Guy Harvey Ocean Foundation Awards Eight Marine Science Scholarships
The Guy Harvey Ocean Foundation has announced the eight recipients of the Guy Harvey Scholarship Award, which recognizes outstanding achievement in marine science research at the collegiate level. Each winner, chosen from five Florida universities, receives $5,000 to support their individual academic programs.
The 2016 winners include doctorate, master’s and undergraduate students: Chelsey Crandall, Holden Harris and Krystan Wilkinson from University of Florida; Sarah Hoffmann from Florida Atlantic University; James Kilfoil from Florida International University; Julie Vecchio from University of South Florida and Louis Penrod and Jane Rennert from Florida Institute of Technology. In addition to the $5,000 grant, scholarship recipients also receive a certificate designed and signed by world-renowned marine wildlife artist and conservationist Dr. Guy Harvey.
Established in 2010 through a partnership between Florida Sea Grant and the Guy Harvey Ocean Foundation, the scholarships recognize students at Florida universities whose research focuses on the biology, ecology, habitat or management of fish in Florida’s marine environment. Since 2010, 42 students have received these scholarships.
“We are very pleased to continue supporting the innovative research led by these brilliant students,” said Harvey. “Their passion, enthusiasm and love of research and ocean conservation is incredibly contagious. Together we will make a difference in keeping our oceans healthy for many years to come.”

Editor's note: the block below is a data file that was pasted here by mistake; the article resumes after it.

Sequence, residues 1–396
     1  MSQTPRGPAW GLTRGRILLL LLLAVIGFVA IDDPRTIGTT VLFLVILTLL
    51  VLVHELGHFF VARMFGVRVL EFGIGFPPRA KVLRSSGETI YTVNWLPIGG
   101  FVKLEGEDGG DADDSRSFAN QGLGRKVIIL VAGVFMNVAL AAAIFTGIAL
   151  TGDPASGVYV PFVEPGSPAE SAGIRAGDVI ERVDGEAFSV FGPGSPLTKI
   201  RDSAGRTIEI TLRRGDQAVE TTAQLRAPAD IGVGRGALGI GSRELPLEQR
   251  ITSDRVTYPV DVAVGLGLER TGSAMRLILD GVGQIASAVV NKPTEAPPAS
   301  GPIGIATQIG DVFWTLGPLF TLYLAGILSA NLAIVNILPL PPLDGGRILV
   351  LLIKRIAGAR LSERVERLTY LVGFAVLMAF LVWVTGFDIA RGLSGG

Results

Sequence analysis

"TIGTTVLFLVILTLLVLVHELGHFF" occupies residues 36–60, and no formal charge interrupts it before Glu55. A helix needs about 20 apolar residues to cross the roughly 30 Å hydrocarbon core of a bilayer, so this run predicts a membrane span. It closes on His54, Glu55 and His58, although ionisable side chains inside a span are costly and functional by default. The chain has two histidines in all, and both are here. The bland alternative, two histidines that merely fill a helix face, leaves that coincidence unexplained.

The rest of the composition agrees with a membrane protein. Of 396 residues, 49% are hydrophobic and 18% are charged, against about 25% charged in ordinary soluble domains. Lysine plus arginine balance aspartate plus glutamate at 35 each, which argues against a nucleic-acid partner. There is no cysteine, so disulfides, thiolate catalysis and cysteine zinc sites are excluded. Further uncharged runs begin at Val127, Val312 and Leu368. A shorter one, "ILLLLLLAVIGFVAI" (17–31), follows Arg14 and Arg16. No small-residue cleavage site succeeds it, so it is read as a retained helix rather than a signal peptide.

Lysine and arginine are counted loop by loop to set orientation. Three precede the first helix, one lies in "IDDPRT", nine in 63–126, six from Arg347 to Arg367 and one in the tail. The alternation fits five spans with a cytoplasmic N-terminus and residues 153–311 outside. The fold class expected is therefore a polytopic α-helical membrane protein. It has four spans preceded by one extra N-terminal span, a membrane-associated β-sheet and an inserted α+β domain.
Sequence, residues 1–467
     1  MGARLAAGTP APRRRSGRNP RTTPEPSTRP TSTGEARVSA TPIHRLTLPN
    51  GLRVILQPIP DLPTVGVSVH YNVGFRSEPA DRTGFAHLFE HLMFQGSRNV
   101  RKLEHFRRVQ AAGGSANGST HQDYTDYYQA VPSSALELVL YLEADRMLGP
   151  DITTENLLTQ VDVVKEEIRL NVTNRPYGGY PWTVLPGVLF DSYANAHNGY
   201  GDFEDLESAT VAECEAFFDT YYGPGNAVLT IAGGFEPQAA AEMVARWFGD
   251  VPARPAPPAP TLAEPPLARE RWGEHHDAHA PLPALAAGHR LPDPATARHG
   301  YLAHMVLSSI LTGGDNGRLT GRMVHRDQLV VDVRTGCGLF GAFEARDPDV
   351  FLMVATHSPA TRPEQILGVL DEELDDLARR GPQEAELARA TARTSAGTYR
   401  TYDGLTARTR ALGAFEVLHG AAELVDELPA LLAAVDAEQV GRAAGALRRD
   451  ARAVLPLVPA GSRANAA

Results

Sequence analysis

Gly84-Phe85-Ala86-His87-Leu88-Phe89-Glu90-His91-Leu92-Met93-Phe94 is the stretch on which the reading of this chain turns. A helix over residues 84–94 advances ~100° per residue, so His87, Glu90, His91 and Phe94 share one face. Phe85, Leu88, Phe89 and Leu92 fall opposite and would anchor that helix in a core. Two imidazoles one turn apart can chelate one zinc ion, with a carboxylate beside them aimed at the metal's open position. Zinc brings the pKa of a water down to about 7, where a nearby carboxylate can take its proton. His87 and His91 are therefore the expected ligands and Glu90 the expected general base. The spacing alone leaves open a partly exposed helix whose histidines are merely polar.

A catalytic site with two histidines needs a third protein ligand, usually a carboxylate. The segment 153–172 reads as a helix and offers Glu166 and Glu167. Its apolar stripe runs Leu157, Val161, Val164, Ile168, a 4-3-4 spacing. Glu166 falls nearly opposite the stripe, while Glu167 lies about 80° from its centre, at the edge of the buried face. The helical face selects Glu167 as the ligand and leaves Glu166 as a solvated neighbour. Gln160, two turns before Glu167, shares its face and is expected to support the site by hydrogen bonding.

Synopsis of Scholarship Recipients
University of Florida
Chelsey Crandall, from Tampa, is a doctoral student at UF studying interdisciplinary ecology. Her research focused on better ways to include fisheries stakeholders in the fisheries management process, focusing on nearshore (state) waters. Holden Harris, from Atlantic Beach, also a doctoral student at UF, studied biology as an undergrad. His research focused on using commercial harvest as a biological control agent for invasive lionfish. Krystan Wilkinson, from Middleton, Wis., also is a doctoral student at UF studying fisheries and aquatic sciences with research focusing on defining large bull shark movement patterns and habitat use in Sarasota Bay.
Florida Atlantic University
Sarah Hoffmann from Boise, Idaho, is a doctoral student at FAU studying integrative biology with research in comparative morphology and kinematics of hammerhead sharks.
Florida International University
James Kilfoil from Columbia, Miss., is a doctoral student at FIU studying biology. His research focuses on how novel video tools could improve the way data is collected for resource monitoring programs, with particular importance on monitoring elasmobranch species such as sharks and stingrays.
University of South Florida
Julie Vecchio from Livonia, Mich. is a doctoral student at USF studying marine science with research focused on movements and survivorship of the red grouper Epinephelus morio on the West Florida shelf.
Florida Institute of Technology
Louis Penrod from Chesapeake, Va. is an undergraduate student at FIT studying marine biology and aquaculture. His research focuses on addressing how habitat complexity mitigates the direct effects of temperature on the feeding performance of invasive lionfish. Jane Rennert of Melbourne is a master’s student at FIT studying marine biology with research focused on age and growth of bonefish Albula vulpes in northern and southern Cuba.
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